Executive Briefings

Ten Steps to Optimizing Your Supply Chain for a Greener Planet

Sustainability initiatives are gaining traction with manufacturers. Driven by anticipated regulations, consumer demand and brand image pressures, companies of all sizes are extolling their environmental and corporate social responsibility (CSR) programs. On the flip side, the consequences of not being socially responsible or not environmentally friendly can be harsh. Tony Hayward, BP's recently expelled CEO, can attest to that.

Most sustainability efforts today are focused around environmental and social initiatives, such as recycling, reducing resource usage, controlling emissions and contributing to the community - with limited emphasis on the economic aspects of these initiatives. However, even the most well-intentioned social initiatives have associated costs and can only be feasible in the long term if they are economically viable.

Challenged by current economic pressures and operating under razor-thin margins, manufacturers are struggling to balance the market demand for social responsibility with the crucial business goal of profitability. In many ways, the answers can be found within the supply chain data in your transactional and operational systems.

By harnessing this data and applying advanced analytic techniques such as statistical analysis, forecasting, predictive modeling and optimization, industry leaders can not only improve the efficacy of supply chains but also make huge strides in the pursuit to be green.

The real challenge lies in where to start. Faced with many opportunities to improve supply chain operations and limited by budget constraints, first steps can be daunting for supply chain professionals. Following is a list of 10 key initiatives that can put you on the path to becoming a leaner and greener organization.

Demand-driven forecasting. The revenue- and margin-related perils of overstocking and understocking merchandise are well known, including inventory carrying costs, excess material costs, obsolete stock, lost sales and customer dissatisfaction. But the impact on the environment is rarely discussed. Overstocks or understocks have huge implications for sustainability. Overstocks result in unnecessary resource use, higher energy consumption in production and storage of excess units, and recycling or disposal costs for obsolete stock. Understocking, on the other hand, can result in expediting and airfreighting merchandise from suppliers, ultimately increasing your carbon footprint. By accessing and understanding consumer demand signals and analyzing how sales and marketing strategies affect demand, companies can more accurately forecast demand to produce what is required. The results? Higher profitability, improved customer satisfaction and reduced carbon footprint and waste.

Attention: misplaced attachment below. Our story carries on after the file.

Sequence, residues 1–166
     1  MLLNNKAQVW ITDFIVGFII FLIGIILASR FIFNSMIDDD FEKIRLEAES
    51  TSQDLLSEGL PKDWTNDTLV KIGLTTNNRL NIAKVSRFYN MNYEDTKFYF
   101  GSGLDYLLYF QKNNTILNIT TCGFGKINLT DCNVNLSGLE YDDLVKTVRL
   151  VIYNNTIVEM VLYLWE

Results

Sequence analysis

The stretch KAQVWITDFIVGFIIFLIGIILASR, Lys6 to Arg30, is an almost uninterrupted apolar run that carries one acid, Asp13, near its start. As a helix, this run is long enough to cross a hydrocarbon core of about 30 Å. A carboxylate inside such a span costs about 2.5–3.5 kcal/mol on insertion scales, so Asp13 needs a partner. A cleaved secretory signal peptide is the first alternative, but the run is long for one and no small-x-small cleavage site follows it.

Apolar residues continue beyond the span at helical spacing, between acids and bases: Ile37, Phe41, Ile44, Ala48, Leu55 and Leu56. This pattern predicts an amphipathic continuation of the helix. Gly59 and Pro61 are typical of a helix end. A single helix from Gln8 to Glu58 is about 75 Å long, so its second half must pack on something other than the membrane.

Integrated planning across divisions. Collaboration among sales, marketing, finance, operations and demand-planning divisions of the organization is crucial for delivering the right product mix in the right quantity at the right location. Lack of integrated planning can not only result in lost sales but can have a huge "green" impact. Take the example of a large consumer packaged goods manufacturer whose marketing department decided to run a promotion on the West Coast without realizing that the West Coast production plant was shut down for maintenance. To fulfill demand, the company ended up shipping products from its East Coast facility, resulting in complete erosion of profits as well as increasing its carbon footprint.

Optimized inventory. Once demand is forecasted and goods are produced, ensuring that these goods are placed at the right location, in right quantities, within your distribution network can be a challenge, with implications for both bottom line as well as sustainability. By optimizing inventory across multiple echelons in the distribution network, you can reduce safety stocks, stock only what is necessary, and reduce waste due to spoilage, obsolescence and shrinkage. Recycling excess materials is not required as they are just not consumed.

Network planning. Distribution network optimization - which involves shipping and delivery - is a primary area of focus for industry leaders due to its huge impact on both distribution costs and sustainability. By optimizing the distribution network, companies such as MillerCoors have reportedly cut 45 million truck miles traveled in a year, reducing carbon emissions by 75,000 metric tons.

Quality Improvement. Quality improvement initiatives, which address product quality as well as the quality of manufacturing processes, can help reduce scrap, improve yield and improve the consistency of the manufacturing process. Results include lower inventory levels, reduced or eliminated product recalls, reduced energy and material consumption, and all the associated benefits of improved profitability and sustainability. Imagine the impact on energy consumption and carbon emissions when POSCO, the world's largest steel manufacturer, uses quality improvement to reduce its inventory by 60 percent from 1 million tons to 400,000 tons.

Supply base optimization. Suppliers are an integral part of your value chain. Partnering with good and weeding out bad suppliers is essential for survival. Analyzing spending and evaluating suppliers to understand who your top suppliers are and what their environmental and CSR policy is, in addition to traditional financial and performance-based measures, can help mitigate supply chain risk. Industry leaders, such as Procter & Gamble, IBM, BASF and most notably Wal-Mart, have made supplier sustainability integral to their sourcing processes.